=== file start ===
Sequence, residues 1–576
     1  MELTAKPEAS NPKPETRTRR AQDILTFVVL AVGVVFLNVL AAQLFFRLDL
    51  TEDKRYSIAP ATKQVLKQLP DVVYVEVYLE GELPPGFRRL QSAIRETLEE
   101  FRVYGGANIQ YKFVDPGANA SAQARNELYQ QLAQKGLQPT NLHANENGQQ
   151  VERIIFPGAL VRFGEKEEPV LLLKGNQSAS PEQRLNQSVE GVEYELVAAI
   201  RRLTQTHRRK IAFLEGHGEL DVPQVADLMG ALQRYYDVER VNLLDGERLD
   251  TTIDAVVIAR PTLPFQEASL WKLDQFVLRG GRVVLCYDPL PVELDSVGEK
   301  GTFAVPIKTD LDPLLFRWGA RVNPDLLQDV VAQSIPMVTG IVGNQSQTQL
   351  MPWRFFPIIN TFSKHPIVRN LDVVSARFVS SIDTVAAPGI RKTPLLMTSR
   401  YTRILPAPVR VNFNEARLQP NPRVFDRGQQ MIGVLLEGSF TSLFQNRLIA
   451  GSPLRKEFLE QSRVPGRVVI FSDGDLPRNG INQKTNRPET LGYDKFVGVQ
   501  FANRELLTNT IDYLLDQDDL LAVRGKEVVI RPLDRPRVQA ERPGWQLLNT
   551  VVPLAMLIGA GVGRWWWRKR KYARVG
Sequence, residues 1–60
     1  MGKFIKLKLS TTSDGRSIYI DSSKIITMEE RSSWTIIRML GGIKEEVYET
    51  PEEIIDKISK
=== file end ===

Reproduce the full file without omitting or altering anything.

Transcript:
Sequence, residues 1–576
     1  MELTAKPEAS NPKPETRTRR AQDILTFVVL AVGVVFLNVL AAQLFFRLDL
    51  TEDKRYSIAP ATKQVLKQLP DVVYVEVYLE GELPPGFRRL QSAIRETLEE
   101  FRVYGGANIQ YKFVDPGANA SAQARNELYQ QLAQKGLQPT NLHANENGQQ
   151  VERIIFPGAL VRFGEKEEPV LLLKGNQSAS PEQRLNQSVE GVEYELVAAI
   201  RRLTQTHRRK IAFLEGHGEL DVPQVADLMG ALQRYYDVER VNLLDGERLD
   251  TTIDAVVIAR PTLPFQEASL WKLDQFVLRG GRVVLCYDPL PVELDSVGEK
   301  GTFAVPIKTD LDPLLFRWGA RVNPDLLQDV VAQSIPMVTG IVGNQSQTQL
   351  MPWRFFPIIN TFSKHPIVRN LDVVSARFVS SIDTVAAPGI RKTPLLMTSR
   401  YTRILPAPVR VNFNEARLQP NPRVFDRGQQ MIGVLLEGSF TSLFQNRLIA
   451  GSPLRKEFLE QSRVPGRVVI FSDGDLPRNG INQKTNRPET LGYDKFVGVQ
   501  FANRELLTNT IDYLLDQDDL LAVRGKEVVI RPLDRPRVQA ERPGWQLLNT
   551  VVPLAMLIGA GVGRWWWRKR KYARVG
Sequence, residues 1–60
     1  MGKFIKLKLS TTSDGRSIYI DSSKIITMEE RSSWTIIRML GGIKEEVYET
    51  PEEIIDKISK